Support better cycling infrastructure in Tokyo!

#1
An NPO concerned with the promotion of bicycle use in Tokyo has created a petition which will be presented to runners in the upcoming election for Tokyo Governor in the lead up to the 2020 Olympic games asking for:

  • More, and better designed, bike lanes lanes
  • Better bicycle parking facilities
  • The establishment of a city wide bicycle sharing system

The aim of the petition is to raise awareness of sustainable cycling at a government level.

Anyone is able to sign the petition regardless of their country of residence, and having more foreign signatures shows Tokyo that this is an issue being monitored by concerned parties all over the world.

Please take the time to sign the petition and show your support for cycling in Tokyo by visiting : https://www.cycle-tokyo.com/

Or for more information in English, including a guide to filling out the (quite simple) Japanese form click here.
 

FarEast

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#3
I'm just wondering if the Japanese Government actually recognizes petitions as a legitimate form of lobbying the Japanese government.

Also if it is I'm wondering what the rules in regards to what makes a petition valid, I know that some countries require the signatures of petitions to be a national of the country as well as being of voting age and having the legal right to vote and this petition asks just that. So i'm wondering if signing the petition as someone although legally allowed to reside in Japan (Permanent Resident) Im not actually able to vote and thus makes my signing void?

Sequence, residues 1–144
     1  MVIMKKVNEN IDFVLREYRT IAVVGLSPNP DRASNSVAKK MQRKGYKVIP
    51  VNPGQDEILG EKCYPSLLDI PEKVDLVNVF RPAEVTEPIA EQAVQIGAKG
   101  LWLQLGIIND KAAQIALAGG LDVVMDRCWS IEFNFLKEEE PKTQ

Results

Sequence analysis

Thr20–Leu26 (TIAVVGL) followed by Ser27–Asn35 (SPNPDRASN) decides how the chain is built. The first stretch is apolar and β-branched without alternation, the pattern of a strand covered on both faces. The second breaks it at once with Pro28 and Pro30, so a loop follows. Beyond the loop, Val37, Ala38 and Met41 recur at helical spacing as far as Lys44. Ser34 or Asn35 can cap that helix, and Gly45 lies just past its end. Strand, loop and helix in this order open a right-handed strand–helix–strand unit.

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#4
I'm just wondering if the Japanese Government actually recognizes petitions as a legitimate form of lobbying the Japanese government.
That's an interesting question. It's certainly a popular form of collective vocalization, and an important part of the democratic process. However, research suggests that in Japan gathering signatures is not an efficient or effective way of influencing policy. (Basically, nothing is. The politicians will do as they like, depending on who is paying them the most this month.)

Anyway this petition is directed to the forthcoming Tokyo Governor. Not the national government.